USART

USART is a universal synchronous serial interface; UART, is a simplified version - universal asynchronous serial interface. The difference being that USART also uses a clock signal line to synchronize data, but UART only uses data lines. AVR's USART allows the use of full duplex communication, 5- to 9-bit data words (8-bit word = byte), 1 or 2 stop bits, three parity modes and a wide variety of baud rates. AVR microcontrollers typically have up to 2 USART interfaces, although some may have no USART. Data transmission is performed one word at a time - AVR converts the word it gets from the user to bits on the hardware level and transmits it independently and vice versa. The user controls USART by reading and writing configuration, status and data registers.

Every configuration option has corresponding registers, which are quite easy to configure using the datasheet. The baud rate, though, is a bit more difficult to set. The clock signal for data transmission is generated from the controller's own clock, and the user can specify a number from 1 to 4096, by which the controller's clock cycle is divided. The result is additionally divided by 2, 8 or 16, depending on the mode. The problem is, not all clock frequencies can be divided so that the result is a standard baud rate. With some frequencies, the baud rate can differ from the standard by up to 10%. AVR datasheets contain tables with typical clock frequencies, baud rates, the needed multiplier to reach that baud rate and the possible calculation error.

Since data transmission takes place independently of the processor and much slower, it is necessary to confirm that the interface is ready for the next word before transmitting. This can be done by keeping an eye on the transmit buffer's ready bit, which signifies if the buffer is ready to accept a new word or not. The controller starts with the ready bit enabled. As soon as a word is transmitted and the buffer is empty, the ready bit is set high.

The arrival of a word is signified also by a special status bit. In addition to that, there are status bits to signify framing errors, parity errors and receive buffer overflows. Buffer overflow can occur when the last word is yet to be read from the buffer while a new one arrives - this is why it is always important to read the incoming words to the program as soon as possible, for example, by using an interrupt. There are three possible interrupt reasons: transmit buffer ready, transmit successful and receive successful.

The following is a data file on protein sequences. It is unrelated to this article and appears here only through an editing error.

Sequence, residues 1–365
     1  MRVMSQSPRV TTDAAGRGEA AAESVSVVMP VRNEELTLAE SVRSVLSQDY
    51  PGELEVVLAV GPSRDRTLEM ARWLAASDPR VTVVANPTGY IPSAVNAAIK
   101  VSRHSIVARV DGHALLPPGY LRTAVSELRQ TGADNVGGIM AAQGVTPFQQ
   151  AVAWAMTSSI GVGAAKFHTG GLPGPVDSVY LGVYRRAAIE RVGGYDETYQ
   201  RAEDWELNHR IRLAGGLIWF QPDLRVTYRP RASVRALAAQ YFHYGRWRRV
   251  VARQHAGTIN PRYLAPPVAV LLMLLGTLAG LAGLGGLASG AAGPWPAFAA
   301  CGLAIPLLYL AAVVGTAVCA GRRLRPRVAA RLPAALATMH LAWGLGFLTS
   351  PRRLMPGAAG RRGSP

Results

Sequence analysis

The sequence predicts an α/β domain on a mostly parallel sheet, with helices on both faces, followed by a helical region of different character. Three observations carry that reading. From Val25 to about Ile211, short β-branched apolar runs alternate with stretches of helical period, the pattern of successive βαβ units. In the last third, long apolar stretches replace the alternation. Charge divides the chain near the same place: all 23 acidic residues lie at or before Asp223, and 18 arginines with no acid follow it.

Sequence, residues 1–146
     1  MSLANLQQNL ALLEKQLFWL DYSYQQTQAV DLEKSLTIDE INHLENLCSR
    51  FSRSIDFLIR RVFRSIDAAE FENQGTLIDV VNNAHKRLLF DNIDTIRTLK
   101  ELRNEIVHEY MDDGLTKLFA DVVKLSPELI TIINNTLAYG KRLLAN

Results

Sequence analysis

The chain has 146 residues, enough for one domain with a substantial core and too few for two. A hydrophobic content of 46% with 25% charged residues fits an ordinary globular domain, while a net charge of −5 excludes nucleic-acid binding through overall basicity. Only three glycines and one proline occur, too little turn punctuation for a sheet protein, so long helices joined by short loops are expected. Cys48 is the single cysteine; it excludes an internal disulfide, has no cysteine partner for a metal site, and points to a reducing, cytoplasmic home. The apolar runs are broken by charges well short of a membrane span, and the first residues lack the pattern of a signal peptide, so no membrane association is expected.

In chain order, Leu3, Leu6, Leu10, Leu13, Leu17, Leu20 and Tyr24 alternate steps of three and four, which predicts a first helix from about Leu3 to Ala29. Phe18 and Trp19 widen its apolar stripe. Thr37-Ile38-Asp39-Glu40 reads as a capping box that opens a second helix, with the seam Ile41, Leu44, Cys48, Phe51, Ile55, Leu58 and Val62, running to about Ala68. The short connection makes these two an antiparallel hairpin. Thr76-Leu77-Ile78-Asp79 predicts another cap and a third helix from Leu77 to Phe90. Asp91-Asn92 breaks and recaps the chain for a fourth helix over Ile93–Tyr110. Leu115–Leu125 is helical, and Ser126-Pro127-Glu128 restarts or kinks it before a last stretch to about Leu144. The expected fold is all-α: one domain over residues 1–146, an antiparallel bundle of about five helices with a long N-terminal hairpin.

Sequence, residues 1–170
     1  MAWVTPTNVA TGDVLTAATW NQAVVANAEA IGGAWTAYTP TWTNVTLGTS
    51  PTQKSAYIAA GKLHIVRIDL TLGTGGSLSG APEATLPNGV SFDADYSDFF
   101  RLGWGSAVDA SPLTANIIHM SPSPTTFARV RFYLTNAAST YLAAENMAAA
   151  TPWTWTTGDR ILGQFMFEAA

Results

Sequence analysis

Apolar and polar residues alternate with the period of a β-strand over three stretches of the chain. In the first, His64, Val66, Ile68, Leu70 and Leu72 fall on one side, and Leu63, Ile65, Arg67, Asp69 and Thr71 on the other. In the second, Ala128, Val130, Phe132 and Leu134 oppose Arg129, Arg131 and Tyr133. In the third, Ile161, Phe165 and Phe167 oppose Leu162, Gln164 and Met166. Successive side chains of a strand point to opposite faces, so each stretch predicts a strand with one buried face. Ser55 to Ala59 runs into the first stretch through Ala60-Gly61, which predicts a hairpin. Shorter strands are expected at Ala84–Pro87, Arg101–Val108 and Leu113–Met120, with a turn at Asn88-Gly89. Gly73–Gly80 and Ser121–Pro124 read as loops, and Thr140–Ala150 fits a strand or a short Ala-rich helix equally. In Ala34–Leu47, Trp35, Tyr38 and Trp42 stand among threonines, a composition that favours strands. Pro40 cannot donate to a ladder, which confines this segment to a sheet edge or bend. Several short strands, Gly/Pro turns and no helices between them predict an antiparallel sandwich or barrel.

The transmit and receive buffers are physically separate registers, but share the same memory address and name. When writing to the shared register, the data is stored in the transmit buffer, and when reading from it, the data is read from the receive buffer. When using 9-bit words, the 9th bit is transmitted and read using one of the configuration registers.

 

Example

Task: Configure an 8 MHz ATmega128's USART0 interface to transmit 8-bit words asynchronously using 9600 bps baud rate, 1 stop bit and no parity bits. Send the symbol “X”.

#include <avr/io.h>
 
int main()
{
	// Set baud rate to 9600 bps. Formula:
	//   multiplier = clock frequency / 16 / baud rate - 1
	//   UBRR = 8000000 / 16 / 9600 - 1 = ~51
	UBRR0H = 0;
	UBRR0L = 51;
 
	// Allow transmitting
	UCSR0B = (1 << TXEN0);
 
	// Configure asynchronous mode, set the word size to 8 bits
	// 1 stop bit, no parity bits.
	UCSR0C = (1 << UCSZ01) | (1 << UCSZ00);
 
	// Wait for the data buffer to empty (previous word to transmit)
	// In this example there is no need to wait, as the first symbol is yet
        // to be sent, but it should be done when transmitting more symbols.
	while (!(UCSR0A & (1 << UDRE))) continue;
 
	// Write the symbol to the buffer for transmitting
	UDR0 = 'X';
 
	// Endless loop
	while (1) continue;
}
en/avr/usart.txt · Last modified: 2013/03/26 23:15 (external edit)
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